Self-driving cars may still be several years away, but federal officials are already looking to restrict the ability of drivers to operate their cars to improve road safety. They're pushing for the adoption of new technologies to reduce human error.
Yesterday Los Angeles Times
A study conducted by the Project for Public Spaces finds that New York's new CitiBike stations are a locus for more than just cycling. They provide wayfinding and street seating, serve as gathering places, and encourage random social interactions.
Yesterday PPS Placemaking Blog
Population loss has been a fact of life for many of the United States' rural towns for decades. But if the experiences of rural towns across Minnesota are any indication, manufacturing, farming, and technology may generate a widespread rural revival.
Yesterday Star Tribune
U.S. Bankruptcy Judge Steven Rhodes ruled today that the city of Detroit is eligible for bankruptcy protection, allowing the city to proceed with the largest municipal bankruptcy in U.S. history. Public employee unions are expected to appeal.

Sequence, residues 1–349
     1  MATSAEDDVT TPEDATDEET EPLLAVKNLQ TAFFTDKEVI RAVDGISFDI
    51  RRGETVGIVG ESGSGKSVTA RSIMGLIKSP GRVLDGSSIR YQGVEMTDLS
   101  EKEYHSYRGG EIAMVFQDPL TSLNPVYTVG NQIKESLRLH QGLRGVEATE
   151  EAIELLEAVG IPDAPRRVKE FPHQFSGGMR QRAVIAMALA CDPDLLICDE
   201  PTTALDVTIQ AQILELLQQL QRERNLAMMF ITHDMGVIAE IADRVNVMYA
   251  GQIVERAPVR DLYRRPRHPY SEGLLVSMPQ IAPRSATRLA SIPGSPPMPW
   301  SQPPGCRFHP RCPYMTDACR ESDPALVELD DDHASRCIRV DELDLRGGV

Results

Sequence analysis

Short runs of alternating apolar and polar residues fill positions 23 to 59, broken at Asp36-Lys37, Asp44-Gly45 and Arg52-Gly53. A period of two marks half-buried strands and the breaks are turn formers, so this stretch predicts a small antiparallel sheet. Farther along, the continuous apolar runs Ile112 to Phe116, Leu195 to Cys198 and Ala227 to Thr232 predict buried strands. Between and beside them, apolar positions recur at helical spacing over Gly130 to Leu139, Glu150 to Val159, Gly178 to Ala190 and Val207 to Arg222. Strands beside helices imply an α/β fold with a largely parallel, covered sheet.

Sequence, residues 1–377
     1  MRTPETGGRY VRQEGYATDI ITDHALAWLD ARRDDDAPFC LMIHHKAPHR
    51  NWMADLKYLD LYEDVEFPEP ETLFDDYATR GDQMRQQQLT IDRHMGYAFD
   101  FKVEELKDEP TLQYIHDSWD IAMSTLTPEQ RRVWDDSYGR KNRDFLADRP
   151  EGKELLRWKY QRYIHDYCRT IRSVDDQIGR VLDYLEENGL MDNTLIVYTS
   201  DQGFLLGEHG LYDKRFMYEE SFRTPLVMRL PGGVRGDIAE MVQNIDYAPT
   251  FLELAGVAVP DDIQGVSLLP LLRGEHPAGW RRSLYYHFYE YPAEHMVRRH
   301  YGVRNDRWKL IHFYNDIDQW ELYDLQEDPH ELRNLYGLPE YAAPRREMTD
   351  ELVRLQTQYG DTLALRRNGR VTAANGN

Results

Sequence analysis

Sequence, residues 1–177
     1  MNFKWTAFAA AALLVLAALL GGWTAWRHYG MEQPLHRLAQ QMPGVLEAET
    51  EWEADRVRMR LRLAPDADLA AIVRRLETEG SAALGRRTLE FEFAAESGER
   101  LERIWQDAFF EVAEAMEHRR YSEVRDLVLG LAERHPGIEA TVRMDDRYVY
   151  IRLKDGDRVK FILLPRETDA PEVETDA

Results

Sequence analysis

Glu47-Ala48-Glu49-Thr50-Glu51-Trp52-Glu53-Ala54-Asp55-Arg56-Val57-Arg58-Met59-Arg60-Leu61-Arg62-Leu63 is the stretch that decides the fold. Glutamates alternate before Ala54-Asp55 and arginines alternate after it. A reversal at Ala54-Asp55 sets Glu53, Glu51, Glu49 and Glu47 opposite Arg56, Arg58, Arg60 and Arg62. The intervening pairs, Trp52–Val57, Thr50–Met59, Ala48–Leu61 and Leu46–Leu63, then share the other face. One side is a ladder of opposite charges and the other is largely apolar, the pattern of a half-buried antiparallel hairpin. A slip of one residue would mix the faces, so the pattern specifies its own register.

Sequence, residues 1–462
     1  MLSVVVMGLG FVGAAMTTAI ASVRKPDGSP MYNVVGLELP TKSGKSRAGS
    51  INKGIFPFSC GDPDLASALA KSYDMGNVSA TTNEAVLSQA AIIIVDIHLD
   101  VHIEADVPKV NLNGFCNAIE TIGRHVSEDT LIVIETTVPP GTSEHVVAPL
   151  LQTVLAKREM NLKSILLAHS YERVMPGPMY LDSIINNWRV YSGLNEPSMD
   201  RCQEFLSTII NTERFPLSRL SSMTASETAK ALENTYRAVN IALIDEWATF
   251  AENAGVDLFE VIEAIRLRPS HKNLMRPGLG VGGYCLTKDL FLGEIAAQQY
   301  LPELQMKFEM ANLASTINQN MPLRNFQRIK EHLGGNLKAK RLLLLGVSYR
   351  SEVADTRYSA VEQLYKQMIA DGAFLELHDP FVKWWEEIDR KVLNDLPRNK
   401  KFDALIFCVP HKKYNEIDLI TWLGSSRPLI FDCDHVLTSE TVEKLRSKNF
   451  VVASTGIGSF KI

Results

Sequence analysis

Yesterday Detroit Free Press
California's inequality is usually described in geographic terms that distinguishes between the state's affluent coastal areas and impoverished inland areas. When considering the cost of living, a statewide poverty crisis comes into focus.
Yesterday The Economist
The University of Massachusetts at Lowell has spent $600 million on construction projects over the past six years alone. But as the university grows, local leaders are asking for payments in lieu of taxes to offset the demand on municipal services.
Yesterday The Boston Globe
Creating a culture of transit in Los Angeles will require more than just expanding the area's train and bus infrastructure. New riders will have to overcome the psychological barriers that prevent many people from ditching their cars.
Rowan Moore looks at the multiple layers that are conspiring to make a maturing Miami the "new Most Exciting City in America". Diverse cultural offerings and branded architecture are attracting international investors.
Yesterday The Guardian
Is there a correlation between running red lights and more violent crime like robberies and homicide? Gabe Klein, Chicago's distinguished outgoing transportation commissioner, thinks so. It's been dubbed "the broken windows effect."
An innovative alliance of urban school districts is working to lower the cost of eco-friendly supplies and source more sustainable food. Their efforts could provide a template for other schools and large institutions.
Yesterday The New York Times